A writer writes!
I attended a men's group at my church last week. The group is for men 35 years and older. The group is discussing Tony Evans' book "Kingdom Man". We watched a video by the author who discussed God's plan that men exist to bring order to confusion. Men are to represent God with the bible being our life manual. As Mr. Evans explained it, men are to live life under the lordship of God.
I had never really heard these concepts explained before. As I mentioned to my group members, in the context of Mr. Evans' book, I considered myself a "trainee Kingdom Man". As I was listening to the video of Mr. Evans, it occurred to me that many men were likely to be trainees. If we did not have a father who was a Kingdom Man, then we had no one to teach us to be one ourselves. I do not recall my family being grounded in the church and bible as the foundation of our household. My father did not lead from biblical principles. He lead from the perspective of a man who did not have a great relationship with his own father and no daily relationship with God that I could ascertain.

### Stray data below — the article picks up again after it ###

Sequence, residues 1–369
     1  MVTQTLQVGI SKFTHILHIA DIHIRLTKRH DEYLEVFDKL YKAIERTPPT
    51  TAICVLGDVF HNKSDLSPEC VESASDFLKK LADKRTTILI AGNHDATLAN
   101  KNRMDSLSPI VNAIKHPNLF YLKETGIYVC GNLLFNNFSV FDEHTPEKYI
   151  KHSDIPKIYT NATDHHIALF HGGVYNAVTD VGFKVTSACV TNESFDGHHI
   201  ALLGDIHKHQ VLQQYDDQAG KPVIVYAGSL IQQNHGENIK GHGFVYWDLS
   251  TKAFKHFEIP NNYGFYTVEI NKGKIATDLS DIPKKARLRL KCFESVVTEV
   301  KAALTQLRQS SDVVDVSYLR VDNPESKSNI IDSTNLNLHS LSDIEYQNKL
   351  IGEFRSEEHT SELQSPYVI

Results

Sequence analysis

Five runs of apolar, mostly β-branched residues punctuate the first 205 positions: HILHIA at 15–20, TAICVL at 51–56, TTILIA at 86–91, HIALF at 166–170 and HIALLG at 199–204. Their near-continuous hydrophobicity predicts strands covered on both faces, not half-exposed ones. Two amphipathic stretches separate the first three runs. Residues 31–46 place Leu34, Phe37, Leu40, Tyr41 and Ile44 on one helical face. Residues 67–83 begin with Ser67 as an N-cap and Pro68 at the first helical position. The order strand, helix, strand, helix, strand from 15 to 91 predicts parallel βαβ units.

Unfortunately that puts many men like myself in a catch up mode to learn and then apply the principles to become a living functioning Kingdom Man. Yes, once we learn to become a Kingdom Man we can then pass on our knowledge to our sons or younger men and youth we encounter. But, the presence of a Kingdom Man within a family unit at an early age is the best scenario for boys to lean to become a Kingdom Man.
Of course ideal scenarios rarely happen. So we have to modify approaches and try to implement catch up scenarios to spread the knowledge on how to become a Kingdom Man. Mentoring, interaction with youth at various events, and presenting ourselves in a positive manner at every opportunity around youth are simple ways we can spread the ideology of being a Kingdom Man.
Finally, playing catch up to become a Kingdom Man is better than doing nothing to become a Kingdom Man.